Drought a big worry as cotton planting begins - “Extreme drought conditions are spread from southeastern Arizona to the Mississippi River.

TEXAS - The drought situation in Texas has reached the critical stage, says a Texas A&M University atmospheric scientist who also serves as climatologist for Texas. The punishing drought is taking hold again in Texas after rainfall in 2010 brought a respite from a two-year drought that burned up crops and forced ranchers to sell cattle earlier than normal. Wildfires also are ravaging the state. The latest report from the US Drought Monitor released last week shows 98 percent of Texas now in a drought, and more than 86 percent in a severe drought or worse. Texas experienced its DRIEST MARCH ON RECORD.
Drought conditions and high winds have fueled destructive wildfires in northern Mexico and the southern US plains states, especially Texas, where dozens of homes have burned in recent days. The dry weather is also having an impact on agriculture.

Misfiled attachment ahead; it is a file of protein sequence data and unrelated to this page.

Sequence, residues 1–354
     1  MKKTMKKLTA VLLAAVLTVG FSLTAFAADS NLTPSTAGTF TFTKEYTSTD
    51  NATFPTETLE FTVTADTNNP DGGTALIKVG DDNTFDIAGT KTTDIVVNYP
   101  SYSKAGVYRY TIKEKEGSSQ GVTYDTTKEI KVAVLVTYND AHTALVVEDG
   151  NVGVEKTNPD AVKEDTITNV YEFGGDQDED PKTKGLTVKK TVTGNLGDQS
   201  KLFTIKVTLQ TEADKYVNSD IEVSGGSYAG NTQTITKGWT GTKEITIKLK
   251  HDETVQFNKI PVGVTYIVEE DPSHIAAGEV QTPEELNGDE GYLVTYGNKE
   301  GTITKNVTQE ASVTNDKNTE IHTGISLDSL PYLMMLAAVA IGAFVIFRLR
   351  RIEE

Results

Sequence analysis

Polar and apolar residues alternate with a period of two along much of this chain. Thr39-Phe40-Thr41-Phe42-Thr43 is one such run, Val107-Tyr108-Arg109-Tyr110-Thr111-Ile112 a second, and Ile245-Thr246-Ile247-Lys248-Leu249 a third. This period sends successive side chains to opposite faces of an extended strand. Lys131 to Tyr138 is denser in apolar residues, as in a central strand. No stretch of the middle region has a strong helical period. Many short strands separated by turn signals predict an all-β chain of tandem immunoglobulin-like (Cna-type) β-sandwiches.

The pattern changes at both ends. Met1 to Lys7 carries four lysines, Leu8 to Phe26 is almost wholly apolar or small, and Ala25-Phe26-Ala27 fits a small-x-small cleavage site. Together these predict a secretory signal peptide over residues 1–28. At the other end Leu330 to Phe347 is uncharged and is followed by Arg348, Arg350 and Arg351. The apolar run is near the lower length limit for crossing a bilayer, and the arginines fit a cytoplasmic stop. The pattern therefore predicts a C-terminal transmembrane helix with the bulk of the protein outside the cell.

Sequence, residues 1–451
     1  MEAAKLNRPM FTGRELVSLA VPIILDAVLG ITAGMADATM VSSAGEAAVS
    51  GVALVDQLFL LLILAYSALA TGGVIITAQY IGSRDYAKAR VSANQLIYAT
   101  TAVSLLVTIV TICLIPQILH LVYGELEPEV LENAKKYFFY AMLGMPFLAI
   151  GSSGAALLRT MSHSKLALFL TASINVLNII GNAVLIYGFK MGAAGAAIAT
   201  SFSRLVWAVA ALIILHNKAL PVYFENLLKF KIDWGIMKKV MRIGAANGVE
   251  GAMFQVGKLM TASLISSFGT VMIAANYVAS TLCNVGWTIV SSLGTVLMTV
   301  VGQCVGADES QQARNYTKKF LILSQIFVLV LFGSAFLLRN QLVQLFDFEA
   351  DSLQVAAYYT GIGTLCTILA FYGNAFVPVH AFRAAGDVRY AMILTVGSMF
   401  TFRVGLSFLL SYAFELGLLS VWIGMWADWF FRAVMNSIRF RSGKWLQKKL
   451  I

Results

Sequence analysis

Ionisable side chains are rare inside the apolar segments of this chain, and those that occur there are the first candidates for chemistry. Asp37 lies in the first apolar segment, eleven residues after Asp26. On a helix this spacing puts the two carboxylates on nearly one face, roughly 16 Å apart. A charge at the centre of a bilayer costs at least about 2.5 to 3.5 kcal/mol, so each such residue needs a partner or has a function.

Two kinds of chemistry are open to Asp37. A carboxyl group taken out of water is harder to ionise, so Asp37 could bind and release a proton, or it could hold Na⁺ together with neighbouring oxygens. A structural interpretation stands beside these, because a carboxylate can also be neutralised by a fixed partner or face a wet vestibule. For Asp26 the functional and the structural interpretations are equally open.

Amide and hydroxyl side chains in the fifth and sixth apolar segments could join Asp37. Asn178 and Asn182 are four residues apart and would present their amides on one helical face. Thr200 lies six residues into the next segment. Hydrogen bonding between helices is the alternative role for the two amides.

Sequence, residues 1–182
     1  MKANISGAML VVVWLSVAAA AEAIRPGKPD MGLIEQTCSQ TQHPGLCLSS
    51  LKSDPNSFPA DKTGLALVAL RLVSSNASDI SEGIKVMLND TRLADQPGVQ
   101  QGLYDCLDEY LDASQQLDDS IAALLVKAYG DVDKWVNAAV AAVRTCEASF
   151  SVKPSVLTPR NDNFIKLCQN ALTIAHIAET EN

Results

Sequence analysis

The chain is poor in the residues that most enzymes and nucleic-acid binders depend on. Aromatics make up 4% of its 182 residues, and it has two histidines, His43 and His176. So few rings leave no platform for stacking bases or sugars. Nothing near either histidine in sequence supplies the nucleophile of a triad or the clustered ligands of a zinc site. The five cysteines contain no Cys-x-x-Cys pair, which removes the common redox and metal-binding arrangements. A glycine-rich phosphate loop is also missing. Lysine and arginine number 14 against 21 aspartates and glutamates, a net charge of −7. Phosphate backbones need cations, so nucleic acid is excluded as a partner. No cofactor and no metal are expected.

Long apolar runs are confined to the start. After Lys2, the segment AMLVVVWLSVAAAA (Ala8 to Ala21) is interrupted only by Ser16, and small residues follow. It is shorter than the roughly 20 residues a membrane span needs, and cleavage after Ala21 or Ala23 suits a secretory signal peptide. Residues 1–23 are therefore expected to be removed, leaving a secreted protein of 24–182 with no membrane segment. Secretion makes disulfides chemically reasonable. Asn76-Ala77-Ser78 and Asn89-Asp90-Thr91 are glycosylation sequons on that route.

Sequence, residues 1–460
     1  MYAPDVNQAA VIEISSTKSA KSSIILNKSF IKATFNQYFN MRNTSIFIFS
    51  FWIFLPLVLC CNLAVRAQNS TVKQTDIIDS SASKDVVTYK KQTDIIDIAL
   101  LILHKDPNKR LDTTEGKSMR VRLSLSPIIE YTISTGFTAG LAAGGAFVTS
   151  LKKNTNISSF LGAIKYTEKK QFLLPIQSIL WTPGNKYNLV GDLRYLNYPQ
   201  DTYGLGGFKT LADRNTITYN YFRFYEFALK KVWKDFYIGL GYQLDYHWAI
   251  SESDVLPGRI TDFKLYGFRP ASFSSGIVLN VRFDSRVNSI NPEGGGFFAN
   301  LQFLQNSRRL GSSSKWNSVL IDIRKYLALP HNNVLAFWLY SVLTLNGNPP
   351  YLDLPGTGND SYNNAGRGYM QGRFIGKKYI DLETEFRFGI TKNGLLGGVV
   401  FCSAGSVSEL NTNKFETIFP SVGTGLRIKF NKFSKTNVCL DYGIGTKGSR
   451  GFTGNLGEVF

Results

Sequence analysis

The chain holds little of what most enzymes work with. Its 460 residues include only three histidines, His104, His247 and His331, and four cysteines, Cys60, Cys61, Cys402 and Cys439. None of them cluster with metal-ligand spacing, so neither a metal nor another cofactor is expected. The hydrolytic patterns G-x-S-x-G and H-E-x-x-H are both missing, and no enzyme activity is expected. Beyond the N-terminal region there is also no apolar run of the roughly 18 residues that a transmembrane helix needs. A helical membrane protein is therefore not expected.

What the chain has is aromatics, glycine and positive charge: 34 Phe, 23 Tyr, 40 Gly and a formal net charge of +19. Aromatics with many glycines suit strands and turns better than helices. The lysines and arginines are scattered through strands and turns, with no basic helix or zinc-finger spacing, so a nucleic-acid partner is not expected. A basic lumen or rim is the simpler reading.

OKLAHOMA - Severe drought causes boating problems at Oklahoma lakes. Counties across Oklahoma are seeing severe drought conditions. The drought is THE WORST THE STATE HAS SEEN SINCE THE 1920s.

KANSAS - The condition of the Kansas wheat crop has declined slightly under stress from high winds and dry conditions. Kansas Agricultural Statistics Service reported Monday that 37 percent of the wheat is in poor to very poor condition.

CALIFORNIA - "Drought may be over but we still have water problems." California's three-year drought is officially over -- is a relief to residents, farmers and everyone who cares about the health of the Sacramento-San Joaquin River Delta, as environmental catastrophe is staved off. Reservoirs are at above-normal levels.

NEW MEXICO - The Las Vegas City Council has declared a state of emergency because of extreme drought conditions. The action bans any lawn watering or the washing of cars, except for car washes that recycle their water.